Just back from another captivating Board of Education meeting in my work district, and what a pleasure it was. Typically rote by most standards, but I was struck by one passing moment. In his response to the questions raised by the public in the "public be heard" section, the president of the BOE referred to the granting of tenure to a teacher as a "job for life." Granted, the gentleman in question is not super up to snuff on all things education related. Still, I have to hope that he was just being politically devious in his classification, trusting that the public did not know enough to know that he was, in fact, talking shit. It's a crappy thing to do, but the alternative cognitive option is that the president of the BOE, arguably the most important "civilian" in the running of a multi-million dollar, taxpayer funded, educational venture actually thinks that tenure is a "job for life." And if that's the case, than may non-existent god help us all.
Of course, tenure is not a "job for life." It is simply a guarantee that an individual will be granted a right to due process of law before being fired from a job. It stems from an educational climate that really has disappeared in these comparatively more enlightened climes of the country, one where teachers were made to sign loyalty oaths to the nation before being hired and female teachers were fired the moment they became pregnant. Those days no longer exist around here, but there is no guarantee that a particular administration still will not be staffed by lunatics who decide that a given teacher should be cast out not because of how they teach, but because of how they think. In this way, tenure protects academic freedom. To call it a "job for life," is asinine and typical of how the more ignorant sector of the public thinks.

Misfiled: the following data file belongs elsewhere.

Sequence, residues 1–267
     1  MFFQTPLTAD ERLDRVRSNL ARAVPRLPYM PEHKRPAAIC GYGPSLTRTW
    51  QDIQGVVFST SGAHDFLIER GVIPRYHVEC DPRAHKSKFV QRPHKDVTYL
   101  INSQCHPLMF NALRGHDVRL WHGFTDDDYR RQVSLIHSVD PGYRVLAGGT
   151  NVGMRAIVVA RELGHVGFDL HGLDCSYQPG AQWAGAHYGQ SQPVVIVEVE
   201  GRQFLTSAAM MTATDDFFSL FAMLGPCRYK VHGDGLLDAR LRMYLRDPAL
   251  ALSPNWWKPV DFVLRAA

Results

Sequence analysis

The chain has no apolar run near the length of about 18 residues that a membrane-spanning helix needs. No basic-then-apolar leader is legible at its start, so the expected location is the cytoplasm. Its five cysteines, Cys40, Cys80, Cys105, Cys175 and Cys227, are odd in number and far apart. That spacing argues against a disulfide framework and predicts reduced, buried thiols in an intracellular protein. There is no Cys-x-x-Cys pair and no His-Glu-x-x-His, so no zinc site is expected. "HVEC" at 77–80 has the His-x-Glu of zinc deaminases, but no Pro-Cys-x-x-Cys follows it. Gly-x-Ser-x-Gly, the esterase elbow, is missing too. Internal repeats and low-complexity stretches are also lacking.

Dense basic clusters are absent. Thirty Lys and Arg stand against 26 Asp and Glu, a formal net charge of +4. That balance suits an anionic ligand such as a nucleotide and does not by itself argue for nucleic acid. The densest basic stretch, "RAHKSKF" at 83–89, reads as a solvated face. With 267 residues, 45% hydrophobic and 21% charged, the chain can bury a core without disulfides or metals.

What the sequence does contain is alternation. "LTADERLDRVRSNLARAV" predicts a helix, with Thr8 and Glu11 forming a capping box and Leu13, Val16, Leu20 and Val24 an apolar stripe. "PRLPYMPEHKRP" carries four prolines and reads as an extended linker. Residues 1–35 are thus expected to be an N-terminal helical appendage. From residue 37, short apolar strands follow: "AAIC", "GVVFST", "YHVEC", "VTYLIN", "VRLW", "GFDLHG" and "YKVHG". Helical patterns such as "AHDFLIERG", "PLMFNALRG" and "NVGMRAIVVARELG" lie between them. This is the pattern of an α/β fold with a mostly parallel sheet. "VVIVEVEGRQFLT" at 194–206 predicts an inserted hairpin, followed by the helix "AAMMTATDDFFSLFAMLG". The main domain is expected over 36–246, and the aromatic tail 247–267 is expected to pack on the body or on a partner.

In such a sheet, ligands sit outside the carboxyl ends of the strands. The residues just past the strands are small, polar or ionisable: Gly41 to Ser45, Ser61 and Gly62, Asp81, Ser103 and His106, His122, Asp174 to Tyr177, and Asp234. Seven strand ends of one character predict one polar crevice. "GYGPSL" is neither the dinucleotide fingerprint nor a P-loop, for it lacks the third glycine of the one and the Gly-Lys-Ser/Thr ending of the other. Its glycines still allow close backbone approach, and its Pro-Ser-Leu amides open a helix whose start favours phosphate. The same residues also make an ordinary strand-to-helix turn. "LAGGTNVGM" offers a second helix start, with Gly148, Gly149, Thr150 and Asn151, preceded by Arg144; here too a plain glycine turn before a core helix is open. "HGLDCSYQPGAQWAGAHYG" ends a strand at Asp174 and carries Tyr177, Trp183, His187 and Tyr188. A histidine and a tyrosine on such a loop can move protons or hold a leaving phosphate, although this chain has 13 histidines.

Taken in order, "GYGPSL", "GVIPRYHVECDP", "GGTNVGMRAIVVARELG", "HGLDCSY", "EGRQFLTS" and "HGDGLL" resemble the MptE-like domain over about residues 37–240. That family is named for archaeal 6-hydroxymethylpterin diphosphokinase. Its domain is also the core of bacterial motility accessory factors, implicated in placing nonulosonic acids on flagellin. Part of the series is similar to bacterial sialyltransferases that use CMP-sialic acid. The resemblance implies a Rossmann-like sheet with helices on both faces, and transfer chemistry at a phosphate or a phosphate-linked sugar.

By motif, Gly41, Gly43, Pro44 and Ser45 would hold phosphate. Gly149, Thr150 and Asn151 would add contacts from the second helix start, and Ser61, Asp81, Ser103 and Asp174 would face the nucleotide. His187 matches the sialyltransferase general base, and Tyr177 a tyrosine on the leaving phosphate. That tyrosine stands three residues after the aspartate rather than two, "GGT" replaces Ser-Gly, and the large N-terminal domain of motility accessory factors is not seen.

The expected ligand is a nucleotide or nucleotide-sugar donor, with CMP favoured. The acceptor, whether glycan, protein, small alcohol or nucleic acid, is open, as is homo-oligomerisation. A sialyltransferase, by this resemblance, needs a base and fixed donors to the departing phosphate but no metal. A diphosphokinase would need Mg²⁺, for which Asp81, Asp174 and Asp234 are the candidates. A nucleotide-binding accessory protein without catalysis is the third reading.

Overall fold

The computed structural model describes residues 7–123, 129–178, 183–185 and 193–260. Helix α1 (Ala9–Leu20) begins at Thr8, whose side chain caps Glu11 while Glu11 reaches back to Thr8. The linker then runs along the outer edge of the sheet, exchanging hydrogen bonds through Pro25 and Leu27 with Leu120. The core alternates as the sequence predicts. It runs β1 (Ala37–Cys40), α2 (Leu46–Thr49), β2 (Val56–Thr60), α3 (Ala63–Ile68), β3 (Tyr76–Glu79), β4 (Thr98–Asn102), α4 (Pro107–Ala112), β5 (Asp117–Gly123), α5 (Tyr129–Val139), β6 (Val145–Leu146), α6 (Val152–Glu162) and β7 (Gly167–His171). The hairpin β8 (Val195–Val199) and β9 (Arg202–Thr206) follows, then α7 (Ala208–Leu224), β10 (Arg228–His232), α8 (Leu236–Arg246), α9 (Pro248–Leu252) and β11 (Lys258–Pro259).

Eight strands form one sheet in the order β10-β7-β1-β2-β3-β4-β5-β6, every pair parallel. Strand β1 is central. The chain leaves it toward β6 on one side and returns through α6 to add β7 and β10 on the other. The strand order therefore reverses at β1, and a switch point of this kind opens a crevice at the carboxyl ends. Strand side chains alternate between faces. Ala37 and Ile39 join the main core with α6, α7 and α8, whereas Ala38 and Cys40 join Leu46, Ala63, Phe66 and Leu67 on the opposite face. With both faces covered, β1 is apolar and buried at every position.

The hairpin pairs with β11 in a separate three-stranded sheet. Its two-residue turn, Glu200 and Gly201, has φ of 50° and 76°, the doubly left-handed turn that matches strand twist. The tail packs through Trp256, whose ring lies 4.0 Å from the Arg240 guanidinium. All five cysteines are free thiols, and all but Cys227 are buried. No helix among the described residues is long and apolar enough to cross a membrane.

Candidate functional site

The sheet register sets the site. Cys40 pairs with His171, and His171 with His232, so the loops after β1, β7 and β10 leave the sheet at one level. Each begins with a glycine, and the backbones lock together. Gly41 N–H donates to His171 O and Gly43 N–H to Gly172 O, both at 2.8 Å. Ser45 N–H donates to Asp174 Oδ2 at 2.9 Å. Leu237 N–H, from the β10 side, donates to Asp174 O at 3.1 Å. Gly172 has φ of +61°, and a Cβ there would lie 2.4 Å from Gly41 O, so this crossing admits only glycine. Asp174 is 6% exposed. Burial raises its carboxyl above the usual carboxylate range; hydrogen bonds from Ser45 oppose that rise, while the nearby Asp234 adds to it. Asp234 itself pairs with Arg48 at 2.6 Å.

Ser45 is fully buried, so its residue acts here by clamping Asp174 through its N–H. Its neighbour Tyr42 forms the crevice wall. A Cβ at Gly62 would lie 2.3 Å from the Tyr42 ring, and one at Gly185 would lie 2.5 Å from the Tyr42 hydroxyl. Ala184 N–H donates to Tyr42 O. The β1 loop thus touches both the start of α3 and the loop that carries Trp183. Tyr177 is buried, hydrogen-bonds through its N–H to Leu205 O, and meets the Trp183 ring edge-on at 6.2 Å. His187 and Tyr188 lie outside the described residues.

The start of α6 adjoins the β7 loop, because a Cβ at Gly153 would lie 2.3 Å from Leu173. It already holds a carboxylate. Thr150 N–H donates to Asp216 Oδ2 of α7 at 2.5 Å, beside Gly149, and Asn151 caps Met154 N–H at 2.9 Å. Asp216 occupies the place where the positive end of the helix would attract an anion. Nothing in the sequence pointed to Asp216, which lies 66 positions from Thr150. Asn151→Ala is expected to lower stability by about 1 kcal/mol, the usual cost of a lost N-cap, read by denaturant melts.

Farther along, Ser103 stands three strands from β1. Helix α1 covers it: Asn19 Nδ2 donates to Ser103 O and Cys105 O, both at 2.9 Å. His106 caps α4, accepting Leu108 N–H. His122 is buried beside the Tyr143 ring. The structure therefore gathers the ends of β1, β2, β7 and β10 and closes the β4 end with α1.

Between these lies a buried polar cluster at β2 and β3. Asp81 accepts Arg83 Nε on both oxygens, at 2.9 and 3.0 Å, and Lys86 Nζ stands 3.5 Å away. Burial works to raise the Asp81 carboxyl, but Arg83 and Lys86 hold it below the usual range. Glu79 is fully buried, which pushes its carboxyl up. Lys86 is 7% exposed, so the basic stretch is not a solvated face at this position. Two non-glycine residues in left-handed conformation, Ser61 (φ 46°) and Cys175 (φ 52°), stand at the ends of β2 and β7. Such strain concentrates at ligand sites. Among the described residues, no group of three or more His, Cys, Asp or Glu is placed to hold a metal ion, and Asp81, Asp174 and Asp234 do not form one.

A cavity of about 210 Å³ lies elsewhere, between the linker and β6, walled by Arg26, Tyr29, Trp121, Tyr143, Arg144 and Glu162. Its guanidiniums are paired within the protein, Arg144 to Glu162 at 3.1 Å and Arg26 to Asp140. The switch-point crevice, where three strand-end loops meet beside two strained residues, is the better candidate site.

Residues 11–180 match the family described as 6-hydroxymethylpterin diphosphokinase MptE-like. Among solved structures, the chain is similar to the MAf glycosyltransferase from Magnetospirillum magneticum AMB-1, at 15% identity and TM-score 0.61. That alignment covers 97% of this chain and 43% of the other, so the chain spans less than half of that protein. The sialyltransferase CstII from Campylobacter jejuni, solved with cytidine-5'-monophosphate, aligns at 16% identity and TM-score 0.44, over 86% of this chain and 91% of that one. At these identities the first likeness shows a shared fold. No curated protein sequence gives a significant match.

It is actually quite easy to fire a tenured teacher, as long as a district has actual cause as established in the laws of the state, and has followed the correct procedure. While I have not ever seen a tenured teacher fired, this has always been due to a lack of aptitude on the part of the district, and not to any sort of tenure-based immunity from prosecution. Consider the following example: I come to work tomorrow, sit at my desk and begin to inject illegal drugs in to my arm. A student from the class that I am teaching at the time comes up to inquire as to what is going on, only to be forcefully injected with same drugs by me. I then take a rather large textbook and smack a second student with it squarely in the face...
...Goodbye "job for life." This example may seem extreme, but that is only because I have a colorful imagination. A tenured teacher can be brought up on charges for much lesser infractions. Simply doing something that you have been explicitly told not to do by the administration qualifies as "insubordination" in the legal eyes of the state. This carries with it the threat of a hearing, though districts are admittedly less than eager to spend a legal fortune on what are typically trivial offenses.
Of course, I am not surprised that the BOE president was so thoughtless in his speech. In fact, over the course of the evening, the gentleman in question "axed" several people various questions. Fortunately, this did not cause any bleeding.